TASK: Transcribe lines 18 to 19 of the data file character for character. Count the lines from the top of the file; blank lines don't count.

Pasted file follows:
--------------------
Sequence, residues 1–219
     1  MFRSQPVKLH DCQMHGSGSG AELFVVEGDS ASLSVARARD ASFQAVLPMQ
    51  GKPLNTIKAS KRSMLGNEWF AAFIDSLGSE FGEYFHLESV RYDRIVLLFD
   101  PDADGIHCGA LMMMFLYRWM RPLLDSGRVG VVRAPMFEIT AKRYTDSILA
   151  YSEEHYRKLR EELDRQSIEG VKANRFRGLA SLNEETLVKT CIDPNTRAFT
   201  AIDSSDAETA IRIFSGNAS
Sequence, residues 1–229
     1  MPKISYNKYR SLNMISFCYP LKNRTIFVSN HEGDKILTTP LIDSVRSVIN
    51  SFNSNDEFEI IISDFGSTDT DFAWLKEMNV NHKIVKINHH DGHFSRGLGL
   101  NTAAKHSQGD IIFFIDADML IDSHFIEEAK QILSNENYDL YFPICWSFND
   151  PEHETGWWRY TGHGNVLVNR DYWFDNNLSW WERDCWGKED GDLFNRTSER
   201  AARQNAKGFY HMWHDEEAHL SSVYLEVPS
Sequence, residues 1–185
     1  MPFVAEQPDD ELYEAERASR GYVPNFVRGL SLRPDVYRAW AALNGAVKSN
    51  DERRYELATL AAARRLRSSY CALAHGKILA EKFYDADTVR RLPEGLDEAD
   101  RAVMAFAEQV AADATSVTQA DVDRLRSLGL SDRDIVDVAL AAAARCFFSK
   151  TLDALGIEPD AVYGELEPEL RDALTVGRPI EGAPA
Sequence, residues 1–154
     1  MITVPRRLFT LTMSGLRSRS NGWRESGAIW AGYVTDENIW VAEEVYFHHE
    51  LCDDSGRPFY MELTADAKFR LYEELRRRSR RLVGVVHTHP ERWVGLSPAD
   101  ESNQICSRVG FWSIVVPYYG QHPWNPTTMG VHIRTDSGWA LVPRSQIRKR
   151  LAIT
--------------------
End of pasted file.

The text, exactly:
Sequence, residues 1–154
     1  MITVPRRLFT LTMSGLRSRS NGWRESGAIW AGYVTDENIW VAEEVYFHHE